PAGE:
Keeping it's length the same, the dong can also add more blocks to produce more power, with a less efficient reactor, than the non dong ever could. With that advantage, it can bring more offense and defense to the fight, giving it the upper hand in this regard. This imbalance with distance based power systems can't be fixed by adjusting numbers. As long as distance is involved there will be dickships.

    As far as an enemy knowing the location of a dong's power systems; It can scan the conventional ship to see reactor locations, leveling the playing field and from my experience, most fights are won and lost at a distance where aiming at a specific location on a ship is very difficult and you're just happy to land a hit. Even if I'm wrong here, it's still creating advantages and disadvantages based on shape, which I think is a horrible direction for a creative sandbox spaceship building game.
     
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    Well you did not see symetrical dongs.(the new meta shape if you want to avoid being cored)
    Maybe you reduce efficiency but there is no way of coring(simply: make a stabilizer stick going through the powergen and make a blob on each side of the stick at the 100% efficiency distance)
    But since all starmade ships are made of cardboard(armor is a joke) you are better off making spaghetti and having all the powergen system very far away from the ship(like 65k distance from the rest of the ship) at maximum efficiency
     
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    I for one will trust in the guidance of the War Veterans that have spent hundreds of hours building and battling in the most compedative enviroments known to starmade :P

    That being said anyone with even a faint understanding of maths can see the flaws in the new system.
    It is most certiantly possible to create a durable and potent min max design that can bring far more to the table than another ship of the same block count and mass.

    Relying on armour to protect your reactor ain't gonna do a dam thing when cannon shots can easily pen your whole ship lengthwise imo. The best defense is not getting hit, which a spaced out ship with higher power is far better at.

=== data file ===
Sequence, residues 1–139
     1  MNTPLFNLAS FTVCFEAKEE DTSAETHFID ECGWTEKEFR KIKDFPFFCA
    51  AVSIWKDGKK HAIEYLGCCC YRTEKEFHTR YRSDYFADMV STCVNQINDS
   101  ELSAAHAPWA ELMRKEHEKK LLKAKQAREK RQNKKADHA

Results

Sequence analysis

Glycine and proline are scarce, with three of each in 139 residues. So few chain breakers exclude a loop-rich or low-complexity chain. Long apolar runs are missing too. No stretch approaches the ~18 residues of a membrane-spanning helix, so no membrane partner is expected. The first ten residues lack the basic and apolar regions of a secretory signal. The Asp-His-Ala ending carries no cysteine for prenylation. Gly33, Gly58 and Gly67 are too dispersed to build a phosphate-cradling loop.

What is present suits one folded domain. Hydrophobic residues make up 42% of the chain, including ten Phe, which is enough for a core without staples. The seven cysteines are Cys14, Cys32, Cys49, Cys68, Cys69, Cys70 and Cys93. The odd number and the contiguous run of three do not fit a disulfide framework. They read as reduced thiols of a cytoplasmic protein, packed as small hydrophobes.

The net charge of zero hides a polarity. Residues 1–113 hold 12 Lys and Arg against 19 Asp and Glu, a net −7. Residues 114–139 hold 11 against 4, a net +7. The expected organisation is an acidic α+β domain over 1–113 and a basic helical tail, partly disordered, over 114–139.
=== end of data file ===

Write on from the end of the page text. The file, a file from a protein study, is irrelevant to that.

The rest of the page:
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    For example, "we are 'forced' to build in long tubes, then our ships are super brittle because the whole ship is basically a wrapped reactor stream." Well, we aren't actually forced to tube... that's a choice, and it is literally the choice that is causing the additional fragility in our ships. Accepting a few hundred or even thousand stabs to reach dong-power with (gasp) a non-phallic shape might end up resulting in a ship that isn't infuriatingly fragile, and that mass difference is pretty marginal when compared to the increase in both freedom and survivability it conveys.
    This is a very interesting thought. But it got me thinking:

    Take two ships of the same mass, one extra long and as effective and as fragile as possible, and the other as stocky and ineffective as possible but with a well hidden reactor stream.

    The effective but fragile ship is going to output more power, thus able to have stronger shields and shoot with more powerful weapons more frequently than the stocky, ineffective ship.

    Won't the difference be so high that the effective ship never loses it's shields, and easily destroys the comparatively larger amount of blocks hiding the ineffective ship's reactor stream?
     
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    Relying on armour to protect your reactor ain't gonna do a dam thing
    Exactly, and this is one of the #1 things Schine must address if they are insisting on the new system.